People sometimes ask me this question. I rarely feel that they want to allow me the time to adequately answer. When I haven't raced for a long time and return to it in the middle of a 100 degree heat wave, I sometimes ask myself the same question. My favorite running philosopher, Dr. George Sheehan explains it better than I can. Here is one of his essays;
"What I have lost I can afford to lose. What I have gained is something I cannot do without."
I first came upon the aging process in a race. I felt no sense of advancing years in my day-to-day activity. My work week was unchanged: I wrote, I traveled, I lectured. Some people marveled at my energy and endurance. It was my weekend race that finally told me I was no longer young. The changes that come with age are subtle-but not to a runner. My 10-K time measures me quite accurately. Any change in performance dictated by age is precisely recorded in minutes or seconds on the digital clock at the finish line. "Crumbling is not an instant's Act," wrote Emily Dickinson. And the physician in me knows that almost 90 percent of my liver has to be damaged before its impairment is apparent. The body has enormous reserves to call upon. But in the race, I call on all my reserves. I am operating at full throttle. The least diminution in function becomes evident. The race, therefore, is the litmus test for aging. Long before anything else goes, race times signal the approach of the last stage of life. A look at my weekly race results will tell you bluntly that I am no longer middle-aged. I am now a full-fledged citizen of the country of the aged. Three years ago when this happened, I refused to believe it. Running had been my fountain of youth. For years I thought it was inexhaustible, like the never-empty cup of coffee some restaurants offer. After I began running in my 40's, I quickly became 32 years old and stayed that way. Decades came and went, and I was still in my prime. When my 10-K times slowed down and I began to run personal worsts instead of personal bests, I took stock. It was not age, I told myself. I had been 32 years old for the previous 20 years and did not intend to get older. All I needed was more training, some hills and speedwork, and I would be back to my best. I took up arms against age. I increased my training and within a single Thanksgiving holiday ran four races. Each race I ran a little faster than the previous one, but never near the times I had registered the year before. And I was no longer in the top third of the field-now, I was well back in the second half of the pack. How did I feel about all this? Terrible. And don't remind me that most people my age have run up the white flag. Do not tell me I can still outrun the average person twenty years younger than me. Do not point out that age has compensations that will more than pay for the lost few minutes in the race. I am rebuilding my life on those thoughts. But first, help me bury the runner I once was, and then we can talk about what the future holds. Apparently, it still holds plenty. My initial depression has receded. I realize now that there are more things at stake than setting a personal best in a road race. I can even answer truthfully (and this is the most difficult part) when someone asks me, "What was your time, Doc?" My times continue to get slower and slower. And, therefore, the "me" that I am is different. But the me that I am has developed insights and wisdom that I did not have before. What I have lost I can afford to lose. What I have gained is something I cannot do without. The race, however slow my times, remains an ever-changing learning experience. Whenever I race, I learn something new about myself and those who race with me. I will never be 32 years-old again, but it no longer matters, because I've learned that winning doesn't matter, it's running that counts. And when I push to the limit, I am a boy again-an untried youth listening to the wisdom of my body.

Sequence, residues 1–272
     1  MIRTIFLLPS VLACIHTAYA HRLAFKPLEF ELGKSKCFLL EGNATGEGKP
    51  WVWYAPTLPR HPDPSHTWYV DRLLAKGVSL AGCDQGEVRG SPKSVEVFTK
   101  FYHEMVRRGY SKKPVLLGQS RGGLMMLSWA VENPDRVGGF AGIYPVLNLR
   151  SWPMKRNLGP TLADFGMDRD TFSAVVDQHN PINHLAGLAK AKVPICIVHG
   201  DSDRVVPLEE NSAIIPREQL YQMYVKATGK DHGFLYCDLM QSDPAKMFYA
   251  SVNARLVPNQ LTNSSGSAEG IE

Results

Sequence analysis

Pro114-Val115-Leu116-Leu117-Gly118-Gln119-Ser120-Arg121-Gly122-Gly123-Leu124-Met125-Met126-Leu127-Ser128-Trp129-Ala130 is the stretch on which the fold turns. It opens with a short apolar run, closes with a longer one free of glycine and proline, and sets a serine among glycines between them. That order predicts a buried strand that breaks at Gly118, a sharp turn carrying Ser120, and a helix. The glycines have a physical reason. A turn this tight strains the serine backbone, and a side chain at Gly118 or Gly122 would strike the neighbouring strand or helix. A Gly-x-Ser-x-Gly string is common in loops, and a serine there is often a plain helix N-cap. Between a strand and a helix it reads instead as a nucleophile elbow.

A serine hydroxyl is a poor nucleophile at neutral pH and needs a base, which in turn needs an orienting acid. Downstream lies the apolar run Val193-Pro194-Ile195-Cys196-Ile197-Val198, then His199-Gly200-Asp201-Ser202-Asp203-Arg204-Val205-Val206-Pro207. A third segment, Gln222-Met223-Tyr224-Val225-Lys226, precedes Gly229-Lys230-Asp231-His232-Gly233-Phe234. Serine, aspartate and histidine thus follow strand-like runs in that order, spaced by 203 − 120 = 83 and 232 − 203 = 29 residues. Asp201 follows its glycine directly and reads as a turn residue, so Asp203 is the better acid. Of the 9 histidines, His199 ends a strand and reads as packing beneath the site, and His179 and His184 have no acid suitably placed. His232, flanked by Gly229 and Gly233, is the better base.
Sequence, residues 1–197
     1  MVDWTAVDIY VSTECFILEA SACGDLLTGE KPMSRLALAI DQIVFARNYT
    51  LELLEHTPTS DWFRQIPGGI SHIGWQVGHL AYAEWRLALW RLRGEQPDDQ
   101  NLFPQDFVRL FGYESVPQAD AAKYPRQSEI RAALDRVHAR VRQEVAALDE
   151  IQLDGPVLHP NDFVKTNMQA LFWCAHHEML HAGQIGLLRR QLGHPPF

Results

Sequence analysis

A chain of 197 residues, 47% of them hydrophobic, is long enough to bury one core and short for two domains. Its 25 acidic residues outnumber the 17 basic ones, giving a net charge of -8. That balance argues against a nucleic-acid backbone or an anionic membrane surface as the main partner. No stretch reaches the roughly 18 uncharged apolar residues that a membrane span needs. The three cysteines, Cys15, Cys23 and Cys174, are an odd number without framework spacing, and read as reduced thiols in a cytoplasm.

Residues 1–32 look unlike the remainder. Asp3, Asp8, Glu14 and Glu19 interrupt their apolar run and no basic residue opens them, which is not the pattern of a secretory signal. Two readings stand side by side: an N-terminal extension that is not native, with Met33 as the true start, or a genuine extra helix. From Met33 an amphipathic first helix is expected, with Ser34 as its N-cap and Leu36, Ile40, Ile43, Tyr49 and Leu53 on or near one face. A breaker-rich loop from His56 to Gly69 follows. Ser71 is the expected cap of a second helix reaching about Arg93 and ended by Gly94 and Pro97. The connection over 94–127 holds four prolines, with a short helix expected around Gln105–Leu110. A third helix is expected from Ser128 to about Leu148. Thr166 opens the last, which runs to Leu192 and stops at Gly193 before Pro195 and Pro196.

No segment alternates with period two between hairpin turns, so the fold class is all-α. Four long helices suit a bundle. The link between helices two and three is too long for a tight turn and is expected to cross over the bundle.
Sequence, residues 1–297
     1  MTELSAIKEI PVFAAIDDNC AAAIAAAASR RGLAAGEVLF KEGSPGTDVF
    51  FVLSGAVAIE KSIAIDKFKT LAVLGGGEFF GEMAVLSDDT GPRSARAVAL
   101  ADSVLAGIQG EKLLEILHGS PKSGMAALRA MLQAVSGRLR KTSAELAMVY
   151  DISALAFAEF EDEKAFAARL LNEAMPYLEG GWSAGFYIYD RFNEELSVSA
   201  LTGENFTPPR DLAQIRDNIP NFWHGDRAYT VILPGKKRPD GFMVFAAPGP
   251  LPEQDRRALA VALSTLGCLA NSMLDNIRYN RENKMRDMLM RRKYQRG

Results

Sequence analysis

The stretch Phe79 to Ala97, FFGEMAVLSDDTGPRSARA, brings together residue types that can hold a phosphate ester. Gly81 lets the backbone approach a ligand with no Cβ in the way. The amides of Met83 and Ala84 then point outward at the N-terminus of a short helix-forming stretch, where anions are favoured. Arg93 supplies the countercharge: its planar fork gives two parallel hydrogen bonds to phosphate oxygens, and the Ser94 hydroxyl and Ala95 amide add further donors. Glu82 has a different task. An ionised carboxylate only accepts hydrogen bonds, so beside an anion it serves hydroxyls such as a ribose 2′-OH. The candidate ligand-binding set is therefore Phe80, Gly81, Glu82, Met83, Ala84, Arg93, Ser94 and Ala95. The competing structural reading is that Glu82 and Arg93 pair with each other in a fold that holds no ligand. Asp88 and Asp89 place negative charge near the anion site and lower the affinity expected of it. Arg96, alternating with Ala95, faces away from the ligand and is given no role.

Copyright © The George Sheehan Trust
I think I will stick with it a while.